• Assessment: Community Security & Transformation Programmes in JamaicaRecommendations - Sustainability Prioritise security and governance interventions. Programmes should give more emphasis to supporting action in these areas as central to reducing crime and violence. This can then provide a sustainable foundation for social interventions. Focus on engaging MDAs. Improving the service delivery of other government agencies is the key to sustainability. This requires a top down approach through establishing strategic partnerships as well as bottom up approach through strengthening the capacity of CDCs to hold local service providers accountable.EXTERNAL FACTORS THAT INFLUENCE PROGRAMME IMPACTPolitical tensions236. Tribal politics looms large in volatile and vulnerable communities. As highlighted in Section IV: the recorded cases of VRIs increased significantly in seven out of the 11 sample communities in 2007, the general election year, and then dropped again in 2008 in all but one of these communities. This spike was also seen markedly in the police murder statistics for Mountain View (one of the most politically divided communities studied) where homicides jumped from 0 in 2007 to 12 in 2007.237. In the household survey, “politics” (12%) was the second most common reason given by respondents for people not getting along in their community. The third most popular reason was “gang war” (12%) and many gang wars often have a political dimension. Politics was also viewed by respondents as a significant factor in the safety of communities. Of those 38% of people who thought that their community had got safer over the last two years, reduced political tensions was the explanation given by 14%. Of the 14% who thought that their community had become more unsafe, 19% ascribed this to increased political tensions.238. A number of interviewees painted a concerning picture of the links between politicians and Dons in many of the communities studied. “They have double standards”, said one, “in public they distance themselves from Dons but in private they regularly meet with them.” Some stakeholders also alleged that some MPs have a vested interest in keeping CDCs weak because they do not want any ‘rival’ structure in the community taking power way from them.239. In contexts where politicians are supportive of programmes, or at least adopt a laissez-faire attitude, then progress is possible. But in situations where they adopt a tribalist approach then progress can be difficult. 83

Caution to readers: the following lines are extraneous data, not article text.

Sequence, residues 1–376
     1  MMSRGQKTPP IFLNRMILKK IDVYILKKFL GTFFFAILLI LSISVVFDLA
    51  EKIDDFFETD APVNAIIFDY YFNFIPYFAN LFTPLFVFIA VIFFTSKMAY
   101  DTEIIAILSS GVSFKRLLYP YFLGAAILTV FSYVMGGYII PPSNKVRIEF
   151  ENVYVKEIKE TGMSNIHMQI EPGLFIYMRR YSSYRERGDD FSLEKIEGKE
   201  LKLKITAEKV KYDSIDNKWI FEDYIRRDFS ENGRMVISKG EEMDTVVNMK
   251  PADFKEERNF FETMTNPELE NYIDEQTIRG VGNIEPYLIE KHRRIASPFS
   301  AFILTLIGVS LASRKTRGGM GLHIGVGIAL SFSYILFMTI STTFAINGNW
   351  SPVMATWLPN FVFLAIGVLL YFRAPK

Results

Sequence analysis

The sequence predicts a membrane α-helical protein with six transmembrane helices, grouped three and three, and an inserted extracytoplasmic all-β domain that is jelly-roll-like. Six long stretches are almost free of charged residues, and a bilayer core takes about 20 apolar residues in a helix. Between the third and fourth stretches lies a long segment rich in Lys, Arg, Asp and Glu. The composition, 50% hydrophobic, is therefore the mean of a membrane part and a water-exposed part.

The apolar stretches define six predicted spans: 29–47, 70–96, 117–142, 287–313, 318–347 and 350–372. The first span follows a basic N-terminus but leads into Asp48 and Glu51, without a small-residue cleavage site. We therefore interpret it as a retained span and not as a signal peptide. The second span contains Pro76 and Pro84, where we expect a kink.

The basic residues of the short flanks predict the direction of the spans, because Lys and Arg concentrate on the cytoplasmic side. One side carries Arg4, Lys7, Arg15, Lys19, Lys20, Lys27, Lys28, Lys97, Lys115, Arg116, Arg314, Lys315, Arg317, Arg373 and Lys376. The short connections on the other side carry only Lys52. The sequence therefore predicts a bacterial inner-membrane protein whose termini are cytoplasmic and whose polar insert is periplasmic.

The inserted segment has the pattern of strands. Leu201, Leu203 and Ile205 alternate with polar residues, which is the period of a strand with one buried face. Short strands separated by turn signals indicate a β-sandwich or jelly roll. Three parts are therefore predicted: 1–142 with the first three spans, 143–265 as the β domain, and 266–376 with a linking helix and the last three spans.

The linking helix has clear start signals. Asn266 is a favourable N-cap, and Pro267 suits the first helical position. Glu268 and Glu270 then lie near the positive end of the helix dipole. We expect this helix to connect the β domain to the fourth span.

• Assessment: Community Security & Transformation Programmes in JamaicaDons and gangs240. Many of the volatile and vulnerable communities where programmes operate have illegitimate governance structures in the form of Dons. A distinction can be drawn between ‘big Dons’ who control entire communities and are more closely linked to organised crime and ‘corner Dons’ who are local gang leaders from a section of the community.241. Twenty six per cent of respondents in the household survey said that there was a Don in their community. This is likely to be a significant under reporting as 35% of people surveyed said that they do not know or did not respond. This figure is far higher than the average level of do not know and non responses suggesting that people were afraid to answer the question. Of the 26% of respondents who said that there was a Don in their community, 66% said that this Don does “good or positive things” for that community. Eighteen per cent said that this Don does “bad or negative things” (with a significant 44% of people saying they “don’t know”).242. When asked to describe what good or positive things the Don does, the responses mainly fell into two categories. The most popular response was to provide social welfare – 54% of respondents said he “supports children”, “back to school”, “distributes jobs”, “supports the community”, “organises treats and dances”.243. The other significant response was to provide security and order - 43% of respondents said he either “provides security”, “fights crime”, “enforces peace”, “resolves conflict” or “keeps order”. This shows that in contexts where the police are ineffective, the Don steps into the security vacuum and provides a basic service to communities.244. When asked to describe what bad or negative things the Don does, the responses were overwhelmingly focused on crime and violence. Sixty seven per cent of these respondents raised issues including “instigates war”, “jungle justice”, “commits murder”, “commits crimes”, “beatings and violent acts”, and “commits rape”.245. Interviews with the JCF and programme staff highlighted that violence is often higher in divided communities with a splintered gang structure. If communities have one central Don, as opposed to a number of corner Dons, then they are often more peaceful.246. Programmes face difficult choices on the ground in terms of how to deal with the Don issue. There are three broad strategies followed in different contexts: Co-existence – to ensure the smooth running of programme activities, programmes or their local partners, may inform the Don about their plans and try and get him to informally support the programme. Co-option – PMI works to engage corner leaders in Peace Councils, broaden their horizons and show how they can play a positive role in community development. Competition – through strengthening CDCs, programmes support an alternative legitimate governance structure in the community. This combined with the increased provision of services seeks to gradually undermine the Don’s role. 84